Hydrogen as an alternative fuel

GS 3 Science and Technology Developments and their applications and effects in everyday life.


         Hydrogen fuel cells produce electricity by combining hydrogen and oxygen atoms ; reacts with oxygen across an electrochemical cell similar to that of a battery to produce electricity, water, and small amounts of heat.

Current Scenario:

  • In Union Budget address, Finance Minister announced that India will launch its National Hydrogen Energy Mission (NHEM) in 2021-22.
  • The proposal in the Budget will be followed up with a mission –
    • a roadmap for using hydrogen as an energy source,
    • with a specific focus on green hydrogen,
    • dovetailing India’s growing renewable capacity with the hydrogen economy.

Need of using hydrogen as an energy source:

  • India with a population of 1.3 billion is the second most populous country and the third largest economy (measured by purchasing power parity) in the world.
  • The country is advancing on a faster growth path:
    • decrease in poverty level,
    • increased energy access for citizens,
    • availability of cleaner cooking fuel
    • growing penetration of renewables,
  • Proposed end-use sectors include steel and chemicals, the major industry that hydrogen has the potential of transforming is transportation
    • which contributes a third of all greenhouse gas emissions,
    • where hydrogen is being seen as a direct replacement of fossil fuels,
    • with specific advantages over traditional EVs.

Key Role in transforming climate-neutral systems:

  • Has high energy content per unit mass, three times higher than gasoline.
  • Used for energy applications with suitable fuel cells.
  • Potential to contribute towards decarbonised, sustainable, secure energy future.
  • The need is to introduce it into more diverse set of energy sources of its production and then move on to green hydrogen.
  • The transition pathways which make use of existing infrastructure and skills will be both economically feasible and easier to adapt.

Tackle various critical energy challenges:

  • Decarbonise a range of sectors including intensive and long-haul transport, chemicals.
  • Iron and steel, proving difficult to meaningfully reduce emissions and help to improve air quality and strengthen energy security.
  • It increases flexibility in power systems.
  • Storing energy from renewables
    • become the lowest-cost option for storing large quantities of electricity.

Key challenges:

  • In order to make it a viable option,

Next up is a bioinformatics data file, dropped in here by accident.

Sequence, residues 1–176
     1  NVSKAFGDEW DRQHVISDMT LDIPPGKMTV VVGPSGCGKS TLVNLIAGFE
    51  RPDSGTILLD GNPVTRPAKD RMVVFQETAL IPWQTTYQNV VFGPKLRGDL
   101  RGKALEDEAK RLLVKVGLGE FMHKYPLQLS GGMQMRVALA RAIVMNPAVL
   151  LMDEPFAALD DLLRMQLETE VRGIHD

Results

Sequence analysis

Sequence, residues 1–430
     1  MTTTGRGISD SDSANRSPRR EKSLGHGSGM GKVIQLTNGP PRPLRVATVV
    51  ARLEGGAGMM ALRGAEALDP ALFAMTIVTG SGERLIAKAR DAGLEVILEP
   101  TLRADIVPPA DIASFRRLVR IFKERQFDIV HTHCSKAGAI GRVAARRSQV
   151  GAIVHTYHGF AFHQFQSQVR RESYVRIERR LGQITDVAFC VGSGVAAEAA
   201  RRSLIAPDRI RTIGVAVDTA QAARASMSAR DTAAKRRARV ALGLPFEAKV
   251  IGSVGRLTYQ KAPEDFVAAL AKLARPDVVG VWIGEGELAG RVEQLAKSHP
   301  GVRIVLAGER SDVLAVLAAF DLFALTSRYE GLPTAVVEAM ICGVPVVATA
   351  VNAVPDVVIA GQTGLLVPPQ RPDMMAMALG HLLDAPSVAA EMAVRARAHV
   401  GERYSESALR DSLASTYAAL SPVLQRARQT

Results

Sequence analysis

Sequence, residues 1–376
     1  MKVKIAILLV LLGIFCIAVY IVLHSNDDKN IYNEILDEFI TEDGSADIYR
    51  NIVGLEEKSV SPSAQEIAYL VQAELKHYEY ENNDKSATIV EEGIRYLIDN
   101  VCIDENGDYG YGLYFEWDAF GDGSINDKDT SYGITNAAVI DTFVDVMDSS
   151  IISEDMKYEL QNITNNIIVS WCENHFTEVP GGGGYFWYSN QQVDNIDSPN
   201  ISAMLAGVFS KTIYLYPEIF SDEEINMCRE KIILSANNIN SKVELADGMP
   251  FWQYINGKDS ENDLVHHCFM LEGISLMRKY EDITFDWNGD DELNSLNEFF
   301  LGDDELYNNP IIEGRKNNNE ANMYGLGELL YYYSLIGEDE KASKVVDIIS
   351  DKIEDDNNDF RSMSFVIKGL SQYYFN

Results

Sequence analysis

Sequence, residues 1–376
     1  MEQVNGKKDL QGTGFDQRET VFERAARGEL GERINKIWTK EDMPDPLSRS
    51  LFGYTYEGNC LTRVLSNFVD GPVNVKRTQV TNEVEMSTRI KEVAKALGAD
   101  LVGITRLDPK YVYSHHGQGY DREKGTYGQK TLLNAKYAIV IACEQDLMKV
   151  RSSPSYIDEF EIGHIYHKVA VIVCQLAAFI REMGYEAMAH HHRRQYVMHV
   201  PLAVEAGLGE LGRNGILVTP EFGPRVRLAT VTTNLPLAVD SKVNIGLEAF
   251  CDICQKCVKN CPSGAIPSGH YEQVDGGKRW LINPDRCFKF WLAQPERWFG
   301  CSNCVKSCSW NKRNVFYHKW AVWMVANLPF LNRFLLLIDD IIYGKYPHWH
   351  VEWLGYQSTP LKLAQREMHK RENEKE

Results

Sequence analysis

• new material development, electrolytes, storage, safety, and standards, need to be addressed.
  • Can help to reduce global warming,
    • acceleration of efforts is critical to ensuring a significant share of hydrogen in the energy system.
  • Using hydrogen commercially is a challenge on  economic sustainability of extracting green or blue hydrogen.
  • The technology used in production and use of hydrogen like carbon capture and storage (CCS) and hydrogen fuel cell technology are at nascent stage and is expensive
    • which in turn increases the cost of production of hydrogen.
  • The maintenance costs for fuel cells post-completion of a plant can be costly, like in South Korea.
  • The commercial usage of hydrogen as a fuel and in industries requires mammoth investment in R&D of such technology and infrastructure for production, storage, transportation and demand creation for hydrogen.

Current Status:

  • The clean hydrogen technologies are available, costs are coming down, efficiency and performance are improving.
  • Two key developments contributed to the growth:
    • The cost of hydrogen supply from renewables has come down and continues to fall,
    • While the urgency of greenhouse gas emission mitigation has increased, and many countries have begun to take action to decarbonise their economies.

Way Forward

  • Identify the key long-term goals and the step to achieve those goals.
  • The building up of policies, infrastructure and skills will help in
    • wider acceptance,
    • reducing perceived risks,
    • enhancing confidence,
    • increased investments,
    • lowering costs.
  • Thus, the major challenges we need to finally meet is
    • scaling up,
    • cost reduction,
    • increased adoption
    • sustainable growth of hydrogen-based technologies.


          The role that Government can play is towards creating a long-term policy framework which could build up confidence in private investment, create market demand with policy interventions, develop standards and regulations which should not hurdle the growth, provide enhanced R & D support.

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